My maternal grandfather, gone these many years, was a man of Old South propriety — not the sort who would normally think about leaving the house without being properly dressed.

But returning home after one of her first dates with my dad, my mother was mortified to find her father standing out in the yard, flashlight in hand, wearing only his undershirt and boxer shorts.

He was inspecting his night-blooming cereus, a plant that, true to its name, blooms only for a few hours after dark. The cereus waits for no one, and my grandfather, eager to catch the show, had scooted out for the plant’s performance without throwing on his trousers.

All of this came to mind last week when we had a nature moment at our house that prompted its own wardrobe emergency. My wife planted dill this summer to attract swallowtail butterflies, who count the herb as a major delicacy. I’ll never understand how swallowtail caterpillars so quickly find dill after it’s placed in the ground. But in no time, the big terra cotta pot near the front door where we have our herb garden was swarming with exotic crawlies — fat caterpillars, as bright as brooches, in shades of black and yellow that seemed worthy of Disney.

Within days, they’d made short work of our dill, cleaning many of its stems of the fragrant, feathery leaves we like to crush over grilled fish. Imagine a hairbrush reduced to its handle, and you’ll get some idea of how our dill looked after the caterpillars consumed their all-you-can-eat buffet.

Just enough foliage remained to camouflage the tiny cocoons that clung to the stems, little green vessels cleverly designed to resemble a leaf.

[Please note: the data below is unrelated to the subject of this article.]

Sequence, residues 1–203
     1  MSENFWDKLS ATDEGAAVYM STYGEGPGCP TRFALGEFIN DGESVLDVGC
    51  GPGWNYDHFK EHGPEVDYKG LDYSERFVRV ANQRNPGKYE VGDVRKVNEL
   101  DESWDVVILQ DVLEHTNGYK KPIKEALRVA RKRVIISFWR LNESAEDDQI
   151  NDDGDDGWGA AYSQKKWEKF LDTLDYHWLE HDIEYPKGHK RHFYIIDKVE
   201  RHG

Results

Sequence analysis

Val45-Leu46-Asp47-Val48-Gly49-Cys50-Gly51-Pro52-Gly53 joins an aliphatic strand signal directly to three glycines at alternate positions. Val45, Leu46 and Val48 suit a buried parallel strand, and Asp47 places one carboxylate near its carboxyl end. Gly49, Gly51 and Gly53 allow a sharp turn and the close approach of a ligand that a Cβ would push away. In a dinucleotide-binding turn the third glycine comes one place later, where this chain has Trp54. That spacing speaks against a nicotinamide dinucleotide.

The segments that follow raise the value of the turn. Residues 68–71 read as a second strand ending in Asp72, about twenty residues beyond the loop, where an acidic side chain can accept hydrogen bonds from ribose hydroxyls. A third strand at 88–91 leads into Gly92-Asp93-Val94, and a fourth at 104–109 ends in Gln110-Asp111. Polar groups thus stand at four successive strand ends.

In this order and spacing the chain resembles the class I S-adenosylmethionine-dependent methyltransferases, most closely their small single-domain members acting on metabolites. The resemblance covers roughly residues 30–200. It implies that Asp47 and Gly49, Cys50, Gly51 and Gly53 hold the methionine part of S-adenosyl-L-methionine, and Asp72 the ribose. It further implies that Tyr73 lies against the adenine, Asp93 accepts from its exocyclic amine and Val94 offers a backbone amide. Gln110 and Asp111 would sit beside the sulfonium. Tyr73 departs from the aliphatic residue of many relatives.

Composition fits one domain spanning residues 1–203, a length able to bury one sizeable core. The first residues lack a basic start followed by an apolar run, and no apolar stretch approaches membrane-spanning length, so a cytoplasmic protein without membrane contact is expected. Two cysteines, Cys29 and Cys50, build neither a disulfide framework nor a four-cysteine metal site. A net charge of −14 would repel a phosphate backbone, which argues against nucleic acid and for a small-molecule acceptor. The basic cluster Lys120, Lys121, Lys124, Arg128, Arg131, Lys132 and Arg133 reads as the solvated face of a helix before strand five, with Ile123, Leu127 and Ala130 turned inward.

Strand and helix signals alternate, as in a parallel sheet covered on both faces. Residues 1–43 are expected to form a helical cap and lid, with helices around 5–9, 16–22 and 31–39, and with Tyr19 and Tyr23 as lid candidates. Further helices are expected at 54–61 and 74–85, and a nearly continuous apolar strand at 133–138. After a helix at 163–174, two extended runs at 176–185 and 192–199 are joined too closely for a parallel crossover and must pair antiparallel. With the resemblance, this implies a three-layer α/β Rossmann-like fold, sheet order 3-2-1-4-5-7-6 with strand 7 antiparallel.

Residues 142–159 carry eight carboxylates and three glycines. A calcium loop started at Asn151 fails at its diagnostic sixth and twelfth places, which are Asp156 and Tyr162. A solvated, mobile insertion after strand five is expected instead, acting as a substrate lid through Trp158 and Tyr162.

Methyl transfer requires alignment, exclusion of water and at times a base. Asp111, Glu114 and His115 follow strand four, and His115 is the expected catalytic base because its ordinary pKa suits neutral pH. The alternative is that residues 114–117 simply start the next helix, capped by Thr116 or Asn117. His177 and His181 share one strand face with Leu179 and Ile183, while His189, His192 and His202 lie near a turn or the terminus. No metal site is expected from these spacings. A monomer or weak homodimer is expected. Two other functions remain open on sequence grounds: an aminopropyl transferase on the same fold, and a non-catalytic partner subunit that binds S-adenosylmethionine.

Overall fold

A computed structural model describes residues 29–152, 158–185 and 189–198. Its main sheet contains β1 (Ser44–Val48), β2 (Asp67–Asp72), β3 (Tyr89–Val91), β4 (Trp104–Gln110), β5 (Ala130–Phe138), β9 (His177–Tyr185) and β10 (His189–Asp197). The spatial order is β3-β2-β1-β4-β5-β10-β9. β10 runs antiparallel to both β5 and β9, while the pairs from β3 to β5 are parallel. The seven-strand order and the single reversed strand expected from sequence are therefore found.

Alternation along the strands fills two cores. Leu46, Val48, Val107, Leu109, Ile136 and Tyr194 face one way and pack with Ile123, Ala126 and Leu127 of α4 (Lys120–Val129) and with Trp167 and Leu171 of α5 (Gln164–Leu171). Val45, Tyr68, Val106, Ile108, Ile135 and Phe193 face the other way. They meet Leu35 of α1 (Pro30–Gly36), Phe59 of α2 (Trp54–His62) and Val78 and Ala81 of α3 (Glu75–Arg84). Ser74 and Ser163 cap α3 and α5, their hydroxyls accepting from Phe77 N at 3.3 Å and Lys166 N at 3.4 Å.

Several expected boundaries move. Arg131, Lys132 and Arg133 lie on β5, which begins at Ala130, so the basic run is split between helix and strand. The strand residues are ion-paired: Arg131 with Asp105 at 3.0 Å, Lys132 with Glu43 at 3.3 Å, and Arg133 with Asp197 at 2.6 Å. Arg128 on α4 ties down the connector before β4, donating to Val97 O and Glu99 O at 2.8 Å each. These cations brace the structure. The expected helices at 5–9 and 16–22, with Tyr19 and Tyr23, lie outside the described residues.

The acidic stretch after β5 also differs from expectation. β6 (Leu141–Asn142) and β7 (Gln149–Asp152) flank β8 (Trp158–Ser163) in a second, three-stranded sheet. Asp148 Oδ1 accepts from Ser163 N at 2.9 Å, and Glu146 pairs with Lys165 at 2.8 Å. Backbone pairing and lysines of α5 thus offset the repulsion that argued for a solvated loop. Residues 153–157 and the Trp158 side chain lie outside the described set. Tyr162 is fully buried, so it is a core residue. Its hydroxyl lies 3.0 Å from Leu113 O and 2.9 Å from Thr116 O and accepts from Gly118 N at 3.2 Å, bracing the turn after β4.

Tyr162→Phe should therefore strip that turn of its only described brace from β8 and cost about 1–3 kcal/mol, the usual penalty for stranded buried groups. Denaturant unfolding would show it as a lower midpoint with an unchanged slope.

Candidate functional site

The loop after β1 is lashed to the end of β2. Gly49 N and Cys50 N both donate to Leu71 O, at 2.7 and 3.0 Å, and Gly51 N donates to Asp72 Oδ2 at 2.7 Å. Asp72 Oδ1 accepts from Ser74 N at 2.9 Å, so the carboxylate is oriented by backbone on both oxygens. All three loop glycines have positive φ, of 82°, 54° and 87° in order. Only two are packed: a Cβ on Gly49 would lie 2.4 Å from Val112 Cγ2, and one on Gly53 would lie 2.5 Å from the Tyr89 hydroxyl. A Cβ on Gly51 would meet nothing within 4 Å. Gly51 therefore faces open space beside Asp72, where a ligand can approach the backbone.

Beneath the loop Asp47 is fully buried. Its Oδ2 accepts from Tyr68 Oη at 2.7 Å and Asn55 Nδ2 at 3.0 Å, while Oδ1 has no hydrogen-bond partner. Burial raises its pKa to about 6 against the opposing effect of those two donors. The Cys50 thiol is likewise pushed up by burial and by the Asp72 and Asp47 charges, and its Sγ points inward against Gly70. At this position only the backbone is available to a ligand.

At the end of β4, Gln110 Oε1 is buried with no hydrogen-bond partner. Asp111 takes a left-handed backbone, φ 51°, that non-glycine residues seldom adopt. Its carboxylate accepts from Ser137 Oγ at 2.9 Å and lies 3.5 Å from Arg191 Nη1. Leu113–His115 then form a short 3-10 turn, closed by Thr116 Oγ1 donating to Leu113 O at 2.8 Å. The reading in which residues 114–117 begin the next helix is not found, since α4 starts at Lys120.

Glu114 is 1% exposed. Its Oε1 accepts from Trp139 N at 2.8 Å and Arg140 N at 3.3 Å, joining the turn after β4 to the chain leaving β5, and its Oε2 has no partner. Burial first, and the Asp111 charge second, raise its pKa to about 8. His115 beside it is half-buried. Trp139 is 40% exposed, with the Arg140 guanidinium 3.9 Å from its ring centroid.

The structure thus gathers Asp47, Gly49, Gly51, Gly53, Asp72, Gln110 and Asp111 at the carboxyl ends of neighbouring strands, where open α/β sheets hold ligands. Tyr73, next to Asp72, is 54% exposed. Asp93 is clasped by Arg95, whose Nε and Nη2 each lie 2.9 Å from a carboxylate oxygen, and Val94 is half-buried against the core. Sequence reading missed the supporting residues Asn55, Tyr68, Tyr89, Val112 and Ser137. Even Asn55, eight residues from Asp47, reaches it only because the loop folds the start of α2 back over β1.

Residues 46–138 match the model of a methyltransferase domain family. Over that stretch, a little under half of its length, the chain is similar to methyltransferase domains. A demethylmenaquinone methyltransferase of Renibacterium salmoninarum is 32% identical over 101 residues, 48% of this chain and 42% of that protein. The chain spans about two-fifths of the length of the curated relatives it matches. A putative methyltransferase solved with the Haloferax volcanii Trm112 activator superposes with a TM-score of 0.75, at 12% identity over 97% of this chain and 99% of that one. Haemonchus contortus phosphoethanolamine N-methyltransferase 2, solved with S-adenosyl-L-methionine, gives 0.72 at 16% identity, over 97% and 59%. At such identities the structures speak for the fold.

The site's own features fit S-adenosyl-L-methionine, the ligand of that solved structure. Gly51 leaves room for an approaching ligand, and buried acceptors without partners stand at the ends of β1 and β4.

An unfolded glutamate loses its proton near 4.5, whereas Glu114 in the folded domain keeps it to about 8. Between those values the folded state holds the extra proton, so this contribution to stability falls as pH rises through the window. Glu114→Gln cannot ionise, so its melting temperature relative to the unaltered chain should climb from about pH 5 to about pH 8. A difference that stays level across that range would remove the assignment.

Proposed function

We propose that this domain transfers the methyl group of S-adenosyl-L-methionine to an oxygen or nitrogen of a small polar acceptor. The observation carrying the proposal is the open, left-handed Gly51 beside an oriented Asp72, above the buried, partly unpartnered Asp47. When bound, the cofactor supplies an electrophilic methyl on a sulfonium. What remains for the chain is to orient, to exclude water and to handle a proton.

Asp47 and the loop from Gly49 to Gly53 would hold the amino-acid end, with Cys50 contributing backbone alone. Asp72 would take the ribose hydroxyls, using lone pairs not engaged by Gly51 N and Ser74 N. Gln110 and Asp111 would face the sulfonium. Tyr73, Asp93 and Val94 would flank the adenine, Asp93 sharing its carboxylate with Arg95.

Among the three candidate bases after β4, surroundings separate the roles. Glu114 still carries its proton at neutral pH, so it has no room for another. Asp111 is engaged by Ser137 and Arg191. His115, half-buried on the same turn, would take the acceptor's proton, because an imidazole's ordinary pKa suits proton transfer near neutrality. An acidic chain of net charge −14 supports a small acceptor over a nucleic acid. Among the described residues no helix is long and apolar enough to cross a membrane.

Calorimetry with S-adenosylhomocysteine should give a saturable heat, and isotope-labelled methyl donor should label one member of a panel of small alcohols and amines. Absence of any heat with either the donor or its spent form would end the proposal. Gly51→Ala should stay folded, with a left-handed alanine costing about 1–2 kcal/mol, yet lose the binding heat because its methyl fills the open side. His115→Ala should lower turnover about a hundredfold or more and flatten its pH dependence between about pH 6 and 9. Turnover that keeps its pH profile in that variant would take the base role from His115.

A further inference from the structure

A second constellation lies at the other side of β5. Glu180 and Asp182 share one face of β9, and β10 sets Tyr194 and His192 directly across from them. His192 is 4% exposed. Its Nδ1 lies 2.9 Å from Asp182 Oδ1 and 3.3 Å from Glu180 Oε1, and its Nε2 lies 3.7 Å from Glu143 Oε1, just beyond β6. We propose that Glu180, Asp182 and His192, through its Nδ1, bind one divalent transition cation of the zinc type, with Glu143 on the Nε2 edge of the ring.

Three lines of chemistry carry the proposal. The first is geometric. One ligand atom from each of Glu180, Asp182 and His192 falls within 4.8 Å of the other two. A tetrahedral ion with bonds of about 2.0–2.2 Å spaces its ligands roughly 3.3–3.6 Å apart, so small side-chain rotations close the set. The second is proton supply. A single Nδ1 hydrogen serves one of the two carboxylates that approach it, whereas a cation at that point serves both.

My wife checked the cocoons often, hoping to catch an emerging butterfly before it took flight. But nothing short of a continuous vigil — an impractical pastime for a career mom — seemed likely to yield success.

Then one morning last week, while stooping to leash the terrier for his walk, I caught a small flash of black in the corner of my eye. Over in the dill, a butterfly, fresh from its cocoon, was slowly fanning its wings to dry them for their inaugural run.

I quieted the dog, and we stood there on the stoop, as motionless as the figures in a creche. The butterfly was a wonder — black, orange, indigo blue, a brilliant, breathing bit of stained glass. Reaching back and softly rapping on the door, I beckoned my wife, who emerged with her camera, still wearing her nightgown, not quite ready for the audience of joggers who run by our driveway each morning. But there was no time to change before the butterfly flew away.

My wife snapped a few shots, and I’m including one with today’s column. Somewhere, I suspect, my grandfather is smiling.

Danny Heitman is on Twitter, @Danny_Heitman.